Economic gloom once again has descended on Microsoft, which reported disappointing fiscal third quarter results. The sales figures are yet another sign that enterprise spending is down during the recession and that many businesses are holding back major operating system and business application deployments until Windows 7 releases.
Once again, netbook sales sapped Windows Client division profits. More broadly, slower PC and server sales took their toll, too. Windows client revenue declined a stunning 16 percent year over year.
For fiscal third quarter, ended March 31, Microsoft revenue was $13.65 billion, for 6.5 percent year-over-year decrease. Operating income was $4.44 billion and net income was $2.98 billion, or 33 cents a share. If not for two charges, $290 million and $420 million, Microsoft would have met earnings expectations. The charges sapped 6 cents a share from earnings.
The Wall Street consensus was $14.09 billion in revenue with earnings of 39 cents a share. In January, Microsoft refused to offer guidance, as would be typical, because of the weak economy. The previous quarter was Microsoft's toughest since fourth quarter 2000, during the last recession. While revenue rose 2 percent year over year in the fiscal second quarter, operating income declined 8 percent, net income by 11 percent and earnings per share by 6 percent year over year.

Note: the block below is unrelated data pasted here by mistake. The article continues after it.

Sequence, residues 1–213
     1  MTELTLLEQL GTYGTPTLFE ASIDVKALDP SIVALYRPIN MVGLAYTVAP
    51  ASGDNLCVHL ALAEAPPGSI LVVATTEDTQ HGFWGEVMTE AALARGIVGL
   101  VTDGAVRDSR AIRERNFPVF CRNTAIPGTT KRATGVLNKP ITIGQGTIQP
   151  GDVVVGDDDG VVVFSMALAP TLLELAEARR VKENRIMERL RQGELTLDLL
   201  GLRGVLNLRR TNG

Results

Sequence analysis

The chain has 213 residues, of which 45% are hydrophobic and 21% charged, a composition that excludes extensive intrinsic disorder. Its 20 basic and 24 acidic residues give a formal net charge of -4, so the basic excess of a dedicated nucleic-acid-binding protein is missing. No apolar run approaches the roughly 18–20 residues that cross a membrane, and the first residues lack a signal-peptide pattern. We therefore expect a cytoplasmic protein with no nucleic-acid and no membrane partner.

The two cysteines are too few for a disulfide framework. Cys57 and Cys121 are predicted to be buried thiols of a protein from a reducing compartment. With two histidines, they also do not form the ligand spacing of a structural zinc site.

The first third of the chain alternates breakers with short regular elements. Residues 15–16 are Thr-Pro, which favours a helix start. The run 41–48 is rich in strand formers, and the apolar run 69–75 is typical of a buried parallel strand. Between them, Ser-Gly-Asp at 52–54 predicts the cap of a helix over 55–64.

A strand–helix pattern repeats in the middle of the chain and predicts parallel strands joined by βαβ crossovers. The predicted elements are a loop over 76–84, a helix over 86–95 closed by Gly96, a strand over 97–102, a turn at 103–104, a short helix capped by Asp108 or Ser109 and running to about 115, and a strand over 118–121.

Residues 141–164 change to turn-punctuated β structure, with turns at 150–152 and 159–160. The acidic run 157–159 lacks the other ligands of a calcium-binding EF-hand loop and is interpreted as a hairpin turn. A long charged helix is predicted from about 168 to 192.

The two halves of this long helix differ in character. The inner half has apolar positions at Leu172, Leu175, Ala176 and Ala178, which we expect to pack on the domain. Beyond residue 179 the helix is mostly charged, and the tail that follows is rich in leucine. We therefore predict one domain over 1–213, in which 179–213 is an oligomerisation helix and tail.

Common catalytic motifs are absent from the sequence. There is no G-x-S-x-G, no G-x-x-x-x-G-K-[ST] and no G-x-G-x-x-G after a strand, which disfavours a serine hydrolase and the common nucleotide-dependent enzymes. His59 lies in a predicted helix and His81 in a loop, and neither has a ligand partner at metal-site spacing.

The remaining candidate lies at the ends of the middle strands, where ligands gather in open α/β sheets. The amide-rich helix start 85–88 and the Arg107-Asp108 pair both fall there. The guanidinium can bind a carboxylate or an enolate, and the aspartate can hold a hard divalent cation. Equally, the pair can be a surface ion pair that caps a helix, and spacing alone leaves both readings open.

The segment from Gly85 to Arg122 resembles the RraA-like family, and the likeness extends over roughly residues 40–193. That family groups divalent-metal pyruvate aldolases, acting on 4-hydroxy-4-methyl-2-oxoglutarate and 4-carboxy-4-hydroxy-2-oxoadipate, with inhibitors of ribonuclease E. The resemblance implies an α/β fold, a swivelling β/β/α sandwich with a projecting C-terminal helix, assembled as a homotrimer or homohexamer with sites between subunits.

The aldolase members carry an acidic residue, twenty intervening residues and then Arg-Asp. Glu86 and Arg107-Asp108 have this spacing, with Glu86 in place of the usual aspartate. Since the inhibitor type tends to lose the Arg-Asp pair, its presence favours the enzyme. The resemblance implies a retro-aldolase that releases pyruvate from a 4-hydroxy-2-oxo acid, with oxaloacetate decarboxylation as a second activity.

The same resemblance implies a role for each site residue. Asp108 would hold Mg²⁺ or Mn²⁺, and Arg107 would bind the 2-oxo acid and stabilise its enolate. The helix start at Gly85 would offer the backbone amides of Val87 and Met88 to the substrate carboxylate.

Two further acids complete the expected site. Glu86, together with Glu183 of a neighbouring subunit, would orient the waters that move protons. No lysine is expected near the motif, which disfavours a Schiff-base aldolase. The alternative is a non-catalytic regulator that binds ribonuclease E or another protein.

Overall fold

Microsoft last offered fiscal 2009 projections in October: Revenue between $64.9 billion and $66.4 billion, operating income between $24.4 billion and $25.5 billion, and earnings per share between $2 and $2.10. Current analyst consensus: $60.76 billion revenue, which would be a 0.6 percent increase over fiscal 2008. Analyst consensus for earnings is $1.74 per share. Microsoft only offered updated expense guidance for the fiscal year: $26.7 billion to $26.9 billion.
Analysts were generally bearish on Microsoft coming into the quarter, with consensus for a 17 percent growth decline. For the next quarter: 13 percent decline. For the fiscal year: 7 percent. None of this has been good for Microsoft stock, which joined other companies in the spiral downward from September. Share price dropped to a 52-week low of $14.87, but rebounded to near $20 last week. The 52-week high, achieved about a year ago, is $32.10.